Some people have described me as being laid back. Others would strongly dispute this claim. But on one point there is little argument – in my rowing technique, I have wayyyy too much layback at the finish. It’s as though the former great Red Sox radio announcer, Jerry Trupiano, was calling a home run: “Way back! Way back!” Sigh.
For the uninitiated (non-rowers), this means that when I take my blades out of the water, I am leaning too far back from sitting vertically upright. This bad habit has several unfortunate effects: it causes the bow of the boat to plunge into the water, slowing it down; it actually makes it harder to get the blades out of the water (and I’ve crabbed a few times – even in races); it reduces or even eliminates the ability to “send” the boat faster off of the finish, which apparently is the idea (I wouldn’t know); it causes you to be less prepared for a proper recovery, since your body position is all wrong; and it just looks stupid.
Look at this photo from 2003, during one of the Head of the Kevin races:
’03 was a decent year for me – I won a silver medal in the light 2x at club nationals, had a lifetime PR in a Head of the Kevin practice race for the Charles with a time of 18:07 and won the my event in the Head of the Charles. With this layback in a wooden boat. What in the happy holy Hell is THAT all about. I’ll tell you one thing – as I got older and weaker through my latter 40s (I was 43 in this picture), I slowed down. I have two theories: first, my crappy layback was catching up with me big time, and I didn’t have the strength/conditioning to make up for the massive inefficiency at the finish; and second, I was rowing in a King, which is one of the best-designed boats on the planet. It turns on a dime and runs like the wind. I have no idea how Graeme does it. Had I been rowing in a less forgiving Van Dusen or Empacher, I suspect things could have been different. (I now row a Van Dusen Advantage, which I love.)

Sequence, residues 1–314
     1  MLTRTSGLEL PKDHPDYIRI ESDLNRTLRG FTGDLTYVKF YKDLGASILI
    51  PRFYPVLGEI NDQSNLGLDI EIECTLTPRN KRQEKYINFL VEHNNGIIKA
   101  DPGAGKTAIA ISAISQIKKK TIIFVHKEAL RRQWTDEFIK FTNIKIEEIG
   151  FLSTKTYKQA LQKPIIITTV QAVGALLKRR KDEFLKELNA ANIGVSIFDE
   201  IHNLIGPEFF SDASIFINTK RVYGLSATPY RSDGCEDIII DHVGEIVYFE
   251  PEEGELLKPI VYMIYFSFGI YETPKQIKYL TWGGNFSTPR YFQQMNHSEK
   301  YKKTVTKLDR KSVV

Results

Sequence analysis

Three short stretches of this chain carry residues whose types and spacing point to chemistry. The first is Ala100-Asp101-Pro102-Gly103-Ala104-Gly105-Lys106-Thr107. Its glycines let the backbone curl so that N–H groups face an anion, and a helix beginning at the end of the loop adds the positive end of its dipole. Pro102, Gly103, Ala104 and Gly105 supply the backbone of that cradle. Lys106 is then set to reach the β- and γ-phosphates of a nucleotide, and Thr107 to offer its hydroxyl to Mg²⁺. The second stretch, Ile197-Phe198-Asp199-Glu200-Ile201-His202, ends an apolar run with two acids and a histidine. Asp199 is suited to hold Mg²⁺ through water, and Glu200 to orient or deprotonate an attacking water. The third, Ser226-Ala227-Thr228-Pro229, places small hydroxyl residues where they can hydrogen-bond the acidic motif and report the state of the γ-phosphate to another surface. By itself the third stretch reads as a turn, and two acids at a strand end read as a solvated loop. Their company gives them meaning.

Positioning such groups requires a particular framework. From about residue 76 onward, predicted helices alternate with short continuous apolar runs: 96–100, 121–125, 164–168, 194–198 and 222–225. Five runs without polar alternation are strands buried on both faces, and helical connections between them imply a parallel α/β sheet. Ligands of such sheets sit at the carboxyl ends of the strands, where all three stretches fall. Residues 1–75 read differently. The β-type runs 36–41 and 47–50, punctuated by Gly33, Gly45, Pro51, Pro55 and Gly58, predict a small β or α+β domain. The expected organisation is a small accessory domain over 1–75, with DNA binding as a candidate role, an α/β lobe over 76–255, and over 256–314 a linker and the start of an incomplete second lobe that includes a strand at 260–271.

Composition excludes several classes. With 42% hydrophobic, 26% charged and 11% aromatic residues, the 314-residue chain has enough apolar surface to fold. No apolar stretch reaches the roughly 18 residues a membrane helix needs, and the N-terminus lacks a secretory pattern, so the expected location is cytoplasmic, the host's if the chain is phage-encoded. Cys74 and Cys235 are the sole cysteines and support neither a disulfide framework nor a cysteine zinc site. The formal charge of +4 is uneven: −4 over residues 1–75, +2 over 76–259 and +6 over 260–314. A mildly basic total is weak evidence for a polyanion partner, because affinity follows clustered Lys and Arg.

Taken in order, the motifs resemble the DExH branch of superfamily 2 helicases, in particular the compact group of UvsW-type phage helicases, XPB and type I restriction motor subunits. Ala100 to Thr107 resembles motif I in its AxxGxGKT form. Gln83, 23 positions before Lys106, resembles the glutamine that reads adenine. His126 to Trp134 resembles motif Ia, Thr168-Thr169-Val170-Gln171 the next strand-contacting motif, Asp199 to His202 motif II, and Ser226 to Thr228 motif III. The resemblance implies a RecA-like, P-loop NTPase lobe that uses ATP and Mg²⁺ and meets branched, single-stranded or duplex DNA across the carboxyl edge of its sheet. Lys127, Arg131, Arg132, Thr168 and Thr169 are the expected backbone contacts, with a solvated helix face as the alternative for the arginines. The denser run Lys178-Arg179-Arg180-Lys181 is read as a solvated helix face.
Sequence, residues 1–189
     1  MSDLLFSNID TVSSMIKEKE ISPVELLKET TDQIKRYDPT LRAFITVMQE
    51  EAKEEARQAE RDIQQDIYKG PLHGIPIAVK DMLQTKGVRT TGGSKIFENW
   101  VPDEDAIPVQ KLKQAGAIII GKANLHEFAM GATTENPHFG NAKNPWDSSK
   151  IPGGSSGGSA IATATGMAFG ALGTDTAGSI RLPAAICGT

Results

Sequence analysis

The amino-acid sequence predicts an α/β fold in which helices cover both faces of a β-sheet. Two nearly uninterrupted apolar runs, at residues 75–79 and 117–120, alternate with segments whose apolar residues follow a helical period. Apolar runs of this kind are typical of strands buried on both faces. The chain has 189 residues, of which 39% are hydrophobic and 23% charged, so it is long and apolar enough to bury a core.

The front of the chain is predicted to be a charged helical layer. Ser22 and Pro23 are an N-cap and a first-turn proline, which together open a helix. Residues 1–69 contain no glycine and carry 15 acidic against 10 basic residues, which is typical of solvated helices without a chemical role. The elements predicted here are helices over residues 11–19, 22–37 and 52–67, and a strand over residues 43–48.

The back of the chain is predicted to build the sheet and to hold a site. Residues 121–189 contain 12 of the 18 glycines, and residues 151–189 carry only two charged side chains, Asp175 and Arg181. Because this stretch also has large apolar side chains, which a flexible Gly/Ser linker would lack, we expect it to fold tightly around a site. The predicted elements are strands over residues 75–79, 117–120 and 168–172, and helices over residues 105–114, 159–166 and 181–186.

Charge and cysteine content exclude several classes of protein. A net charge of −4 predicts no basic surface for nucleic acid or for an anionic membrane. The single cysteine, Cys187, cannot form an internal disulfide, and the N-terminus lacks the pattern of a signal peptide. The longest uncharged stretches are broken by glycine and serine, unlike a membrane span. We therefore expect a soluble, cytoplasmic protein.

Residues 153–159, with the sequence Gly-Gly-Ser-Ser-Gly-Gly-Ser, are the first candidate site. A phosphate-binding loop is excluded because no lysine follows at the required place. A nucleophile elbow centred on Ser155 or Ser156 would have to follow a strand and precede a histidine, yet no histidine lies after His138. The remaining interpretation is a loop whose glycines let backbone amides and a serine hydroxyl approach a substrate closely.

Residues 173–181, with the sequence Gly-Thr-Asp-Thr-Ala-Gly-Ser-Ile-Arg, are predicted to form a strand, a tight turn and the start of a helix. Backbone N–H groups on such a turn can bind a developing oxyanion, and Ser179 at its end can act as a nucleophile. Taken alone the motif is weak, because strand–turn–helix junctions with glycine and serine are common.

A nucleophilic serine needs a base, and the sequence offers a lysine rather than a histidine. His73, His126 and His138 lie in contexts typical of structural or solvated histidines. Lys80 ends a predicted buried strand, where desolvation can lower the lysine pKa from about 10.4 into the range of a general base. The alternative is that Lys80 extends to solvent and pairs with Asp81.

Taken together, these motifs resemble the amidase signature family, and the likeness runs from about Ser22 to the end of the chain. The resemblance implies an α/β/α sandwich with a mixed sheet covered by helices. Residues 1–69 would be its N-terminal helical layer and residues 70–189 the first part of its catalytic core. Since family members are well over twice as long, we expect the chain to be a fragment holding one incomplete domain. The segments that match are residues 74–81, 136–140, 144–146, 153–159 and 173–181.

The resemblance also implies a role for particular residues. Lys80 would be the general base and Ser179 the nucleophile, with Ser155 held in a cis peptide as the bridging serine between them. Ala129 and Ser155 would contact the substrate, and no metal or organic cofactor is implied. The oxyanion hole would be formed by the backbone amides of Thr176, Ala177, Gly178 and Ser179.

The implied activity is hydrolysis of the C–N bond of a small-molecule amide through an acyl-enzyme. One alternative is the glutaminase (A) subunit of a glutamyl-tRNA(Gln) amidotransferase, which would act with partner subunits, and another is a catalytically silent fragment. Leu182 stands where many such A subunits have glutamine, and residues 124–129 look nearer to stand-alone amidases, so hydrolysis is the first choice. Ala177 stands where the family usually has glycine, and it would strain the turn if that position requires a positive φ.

Now look at how it should be done – this is the final of the 2011 Men’s heavyweight singles at the world championships in Bled, Slovenia.
Most of the guys have little to no layback – it’s all legs, and the finish is perfectly coordinated. The timing is impeccable – when they’re done, they’re done – the oars are out of the water. It’s a marvel for me to watch. Focus especially on Ondrej Synek from the Czech Republic (lane 5). He’s a machine (well, they’re all machines). Interestingly, the guy who won, New Zealand’s Mahe Drysdale, has a little bit of layback. They even comment on it, saying that maybe he’s getting a bit more on his stroke than the rest (Mahe, you are my hero!!). So that gives me some comfort, but not much. He’s the exception, not the rule, and his speed is likely due to a whole host of factors, as is usually the case – that elusive combination of strength, conditioning, guts, mental toughness, etc. that winners possess.
In any case, for me, I know I need to sit up more at the finish and figure this out. 20 years of bad habits are very hard to break. I’m not so worried about the other elements…my catch and recovery seem to be ok. But many a coach over the past few years has been aghast at the inefficient finish that is literally dragging me down. Everyone on the river sees it and several have made comments. Ugh. The truth hurts, but you have to hear it.
So with a new attitude and a new coach at Riverside, not to mention a renewed commitment to actually start TRAINING in 2012, after slacking off most of the year, I hereby commit myself to trying to improve this situation.
Hope springs eternal – especially for masters rowers, the most stubborn and slow-to-change of all.